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There's No Nate Silver in Middle Eastern Politics

Good luck predicting how the new set of Israel-Palestine peace talks will unfold.

Sipa via AP Images

Two months ago, no one was forecasting that Egyptian democracy activists and generals would join forces to overthrow the country's president. Two months ago, sensible experts all knew that Kerry's Folly—the secretary of state's attempt to renew Israeli-Palestinian peace talks—would never succeed.

The Middle East is not kind to expectations. It has no Nate Silver who can scientifically calculate the odds of when war, revolution, or even peace will break out. Morsi is gone; the talks have begun. Viewing the two events through the same lens leads to—well, let's not call it a prediction, but a word of caution: The toughest issue for the Israeli, Palestinian, and American negotiators could be what to do about Hamas-ruled Gaza.

With Morsi's fall has come the reversal of Hamas's standing in Cairo. It's not just that the deposed president represented the Muslim Brotherhood and that Hamas, born as the Brotherhood's Palestinian branch, is tarred by association. The Egyptian military, the young activists, and other opponents of the Brotherhood "see Hamas as having involved itself in internal Egyptian politics," explains Ben-Gurion University professor Yoram Meital, a leading Israeli expert on Egypt.

Morsi has been held by the military since it removed him from office on July 3. Last week a court provided a legal basis for his detention: He's under investigation for conspiring with Hamas in the 2011 attack on the Wadi Natroun prison that freed Morsi and other Brotherhood leaders during the uprising against the Mubarak regime. Whether the Brotherhood actually invited its armed Gazan comrades to strike in Egypt is almost besides the point. What matters is the political meaning: Hamas is cast as the hostile foreign force with whom discredited politicians conspired.

What's more, Meital notes, Egyptian security officials are providing the domestic media with a steady stream of leaks connecting Hamas with attacks by Islamic militants in the Sinai Peninsula. By easing traffic through the Rafah border crossing between Sinai and Gaza, it's alleged, Morsi made it easier for Hamas-linked militants to enter Egyptian territory. Leading Brotherhood figure Mohamed El-Beltagy is under investigation for allegedly inciting Hamas militants to attack Egyptian forces in Sinai after Morsi was overthrown. Again, the facts about Hamas's role in the long-escalating battle between the government and Islamic groups in the Sinai are hard to know. What's clear is the role assigned the Palestinian Islamic group in the Egyptian political drama.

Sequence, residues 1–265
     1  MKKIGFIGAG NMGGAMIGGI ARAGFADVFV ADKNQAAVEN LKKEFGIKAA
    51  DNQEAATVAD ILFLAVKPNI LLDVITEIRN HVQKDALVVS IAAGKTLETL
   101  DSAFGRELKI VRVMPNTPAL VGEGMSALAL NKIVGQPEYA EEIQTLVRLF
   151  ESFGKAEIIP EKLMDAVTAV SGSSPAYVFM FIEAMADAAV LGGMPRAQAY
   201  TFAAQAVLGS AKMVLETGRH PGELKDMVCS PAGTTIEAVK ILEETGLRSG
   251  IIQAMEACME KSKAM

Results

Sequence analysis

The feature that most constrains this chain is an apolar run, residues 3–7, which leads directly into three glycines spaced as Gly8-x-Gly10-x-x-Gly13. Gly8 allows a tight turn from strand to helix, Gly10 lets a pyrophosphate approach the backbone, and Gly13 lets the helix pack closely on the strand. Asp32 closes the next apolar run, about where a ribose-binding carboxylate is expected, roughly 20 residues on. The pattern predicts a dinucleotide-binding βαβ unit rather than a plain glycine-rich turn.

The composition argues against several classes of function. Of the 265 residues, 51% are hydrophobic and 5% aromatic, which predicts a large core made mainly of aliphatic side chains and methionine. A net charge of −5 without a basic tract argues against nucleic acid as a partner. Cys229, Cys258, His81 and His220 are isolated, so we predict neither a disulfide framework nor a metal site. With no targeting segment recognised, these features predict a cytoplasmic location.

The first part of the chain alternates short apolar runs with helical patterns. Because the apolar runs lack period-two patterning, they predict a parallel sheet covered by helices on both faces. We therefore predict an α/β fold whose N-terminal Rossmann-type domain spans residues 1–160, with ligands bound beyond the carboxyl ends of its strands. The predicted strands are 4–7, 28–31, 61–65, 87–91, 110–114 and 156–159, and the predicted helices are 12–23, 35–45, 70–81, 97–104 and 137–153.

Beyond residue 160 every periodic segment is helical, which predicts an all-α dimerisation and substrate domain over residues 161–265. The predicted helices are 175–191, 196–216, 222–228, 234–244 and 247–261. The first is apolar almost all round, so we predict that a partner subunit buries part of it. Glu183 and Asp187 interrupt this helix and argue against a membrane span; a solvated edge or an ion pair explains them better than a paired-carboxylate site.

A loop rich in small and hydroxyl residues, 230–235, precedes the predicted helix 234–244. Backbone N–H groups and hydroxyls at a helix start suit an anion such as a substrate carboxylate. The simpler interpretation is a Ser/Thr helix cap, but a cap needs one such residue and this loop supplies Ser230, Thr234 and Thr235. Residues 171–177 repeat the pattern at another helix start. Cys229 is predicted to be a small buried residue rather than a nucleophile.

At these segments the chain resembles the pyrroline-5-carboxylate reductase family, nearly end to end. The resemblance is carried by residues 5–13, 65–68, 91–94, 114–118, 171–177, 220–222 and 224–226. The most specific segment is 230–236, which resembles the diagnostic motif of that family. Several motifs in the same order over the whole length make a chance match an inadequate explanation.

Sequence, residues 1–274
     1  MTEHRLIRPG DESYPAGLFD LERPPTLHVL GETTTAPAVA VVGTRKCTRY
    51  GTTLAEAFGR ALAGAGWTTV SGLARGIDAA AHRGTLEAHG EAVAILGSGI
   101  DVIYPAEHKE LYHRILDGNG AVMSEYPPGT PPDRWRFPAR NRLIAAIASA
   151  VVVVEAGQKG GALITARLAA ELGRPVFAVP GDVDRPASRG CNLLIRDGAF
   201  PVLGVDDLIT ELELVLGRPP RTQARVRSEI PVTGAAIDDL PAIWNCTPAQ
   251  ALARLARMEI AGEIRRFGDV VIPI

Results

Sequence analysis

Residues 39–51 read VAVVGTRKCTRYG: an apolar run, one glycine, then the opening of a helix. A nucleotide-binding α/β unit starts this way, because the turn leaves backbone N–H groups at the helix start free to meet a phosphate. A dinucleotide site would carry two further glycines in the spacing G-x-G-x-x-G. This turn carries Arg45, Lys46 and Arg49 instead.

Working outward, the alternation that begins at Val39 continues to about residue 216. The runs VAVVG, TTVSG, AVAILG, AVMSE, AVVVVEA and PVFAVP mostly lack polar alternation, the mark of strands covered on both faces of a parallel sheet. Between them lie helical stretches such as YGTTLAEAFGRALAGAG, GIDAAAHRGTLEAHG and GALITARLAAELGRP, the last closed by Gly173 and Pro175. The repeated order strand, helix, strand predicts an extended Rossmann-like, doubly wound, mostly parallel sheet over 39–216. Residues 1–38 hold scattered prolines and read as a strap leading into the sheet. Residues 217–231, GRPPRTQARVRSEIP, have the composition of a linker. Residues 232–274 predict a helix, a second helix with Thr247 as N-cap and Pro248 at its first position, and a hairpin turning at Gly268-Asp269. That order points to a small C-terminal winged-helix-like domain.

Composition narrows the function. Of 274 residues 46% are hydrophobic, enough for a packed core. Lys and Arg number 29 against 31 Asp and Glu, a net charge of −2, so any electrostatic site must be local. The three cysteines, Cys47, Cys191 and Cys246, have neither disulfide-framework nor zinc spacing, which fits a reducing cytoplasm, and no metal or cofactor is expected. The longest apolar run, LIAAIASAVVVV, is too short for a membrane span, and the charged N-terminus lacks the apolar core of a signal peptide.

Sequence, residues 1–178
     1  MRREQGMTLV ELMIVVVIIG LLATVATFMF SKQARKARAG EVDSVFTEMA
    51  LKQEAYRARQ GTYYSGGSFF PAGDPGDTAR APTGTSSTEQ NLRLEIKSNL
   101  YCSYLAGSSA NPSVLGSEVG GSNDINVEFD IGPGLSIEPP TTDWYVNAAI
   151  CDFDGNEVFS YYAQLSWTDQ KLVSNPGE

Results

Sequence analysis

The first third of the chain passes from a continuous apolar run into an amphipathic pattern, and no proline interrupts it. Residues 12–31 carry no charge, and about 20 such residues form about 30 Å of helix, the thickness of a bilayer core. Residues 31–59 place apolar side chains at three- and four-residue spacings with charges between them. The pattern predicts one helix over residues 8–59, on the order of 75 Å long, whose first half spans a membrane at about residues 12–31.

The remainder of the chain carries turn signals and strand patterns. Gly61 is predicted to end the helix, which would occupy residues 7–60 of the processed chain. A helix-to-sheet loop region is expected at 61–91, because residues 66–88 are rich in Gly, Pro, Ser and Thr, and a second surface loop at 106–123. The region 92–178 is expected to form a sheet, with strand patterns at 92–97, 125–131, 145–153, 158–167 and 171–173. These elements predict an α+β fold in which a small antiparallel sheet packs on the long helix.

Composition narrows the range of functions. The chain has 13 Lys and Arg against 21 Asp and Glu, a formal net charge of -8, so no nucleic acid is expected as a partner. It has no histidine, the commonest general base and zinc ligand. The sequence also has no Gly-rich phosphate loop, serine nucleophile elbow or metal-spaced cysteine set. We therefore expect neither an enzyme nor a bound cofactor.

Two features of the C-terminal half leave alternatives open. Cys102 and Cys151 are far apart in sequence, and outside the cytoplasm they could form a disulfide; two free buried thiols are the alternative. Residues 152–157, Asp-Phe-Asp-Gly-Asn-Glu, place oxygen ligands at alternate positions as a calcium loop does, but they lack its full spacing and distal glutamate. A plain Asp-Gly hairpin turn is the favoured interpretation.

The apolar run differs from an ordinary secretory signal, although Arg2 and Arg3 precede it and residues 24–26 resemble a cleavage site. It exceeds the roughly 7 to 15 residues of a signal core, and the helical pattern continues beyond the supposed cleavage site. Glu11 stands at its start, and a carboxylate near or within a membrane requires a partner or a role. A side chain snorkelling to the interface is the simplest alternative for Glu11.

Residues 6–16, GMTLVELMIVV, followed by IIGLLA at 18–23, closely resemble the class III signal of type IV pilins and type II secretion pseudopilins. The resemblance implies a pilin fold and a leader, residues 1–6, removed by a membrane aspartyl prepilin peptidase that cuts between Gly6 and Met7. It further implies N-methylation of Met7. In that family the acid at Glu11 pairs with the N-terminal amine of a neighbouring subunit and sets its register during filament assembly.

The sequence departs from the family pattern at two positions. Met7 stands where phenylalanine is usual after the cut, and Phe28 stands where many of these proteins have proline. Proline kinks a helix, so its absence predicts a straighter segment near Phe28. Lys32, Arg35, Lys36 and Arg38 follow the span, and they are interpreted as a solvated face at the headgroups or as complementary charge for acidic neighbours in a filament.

As a consequence, Hamas-ruled Gaza is more isolated, physically and politically, than ever. The Syrian civil war cost Hamas its alliance with Damascus. The latest Egyptian upheaval shattered its relations with Cairo. The Rafah crossing between Gaza and Egypt is barely operating. The Egyptian army has stepped up efforts to destroy the smuggling tunnels between Sinai and Gaza—a route for weapons but also for fuel, food and building supplies. Since the Hamas government taxes the tunnel trade, its revenues have plummeted.

On Tuesday, Hamas announced its own doubtful allegations of the guilty party in the crisis: It's all the fault of the Fatah-led Palestinian Authority (PA) government in Ramallah. At a press conference in Gaza, reported by Al-Jazeera, Hamas officials presented documents purportedly sent from Ramallah to the security attaché in the Palestinian Embassy in Cairo. They instructed him to pay a Gazan "source" for obtaining bombs manufactured by Hamas's military wing and smuggling them to Egypt—in order to implicate Hamas in recent violence in that country. Fatah, predictably, dismissed the documents as forgeries, and said they were meant to prevent any reconciliation between the Palestinian movements.

The allegations came just as the talks between Israel and PA representatives began. That's a coincidence; the timing was a matter of events in Egypt, not in Washington. The mutual accusations highlighted the intensity of the rivalry between the Palestinian groups, which goes beyond their attitudes toward Israel or the negotiations.

"What is happening between Hamas and Fatah," explains Meital, is roughly parallel to what is happening "between the Egyptian military establishment and the Muslim Brotherhood. It's a political power struggle, and what is at stake is power itself."

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And that's precisely the challenge as the negotiations proceed. A peace accord that ignores Hamas won't mark the end of the Israeli-Palestinian conflict. The rebel province of Gaza would remain as the magnet for Palestinian rejectionists, the stronghold for all those who oppose the terms of a two-state agreement.

So besides all the issues that are publicly acknowledged as part of the negotiating agenda —borders, security, refugees, holy places, and more—there's one more that requires a solution: reuniting the Palestinians, or creating a framework that can include Hamas. It would be a mistake to predict that the problem is insurmountable, if only because pessimistic predictions can also be proven wrong. It would also be a mistake to wish the problem away.

Gershom Gorenberg is a senior correspondent for The Prospect. He is the author of The Unmaking of Israel, of The Accidental Empire: Israel and the Birth of the Settlements, 1967-1977 and of The End of Days: Fundamentalism and the Struggle for the Temple Mount. He blogs at South Jerusalem. Follow @GershomG.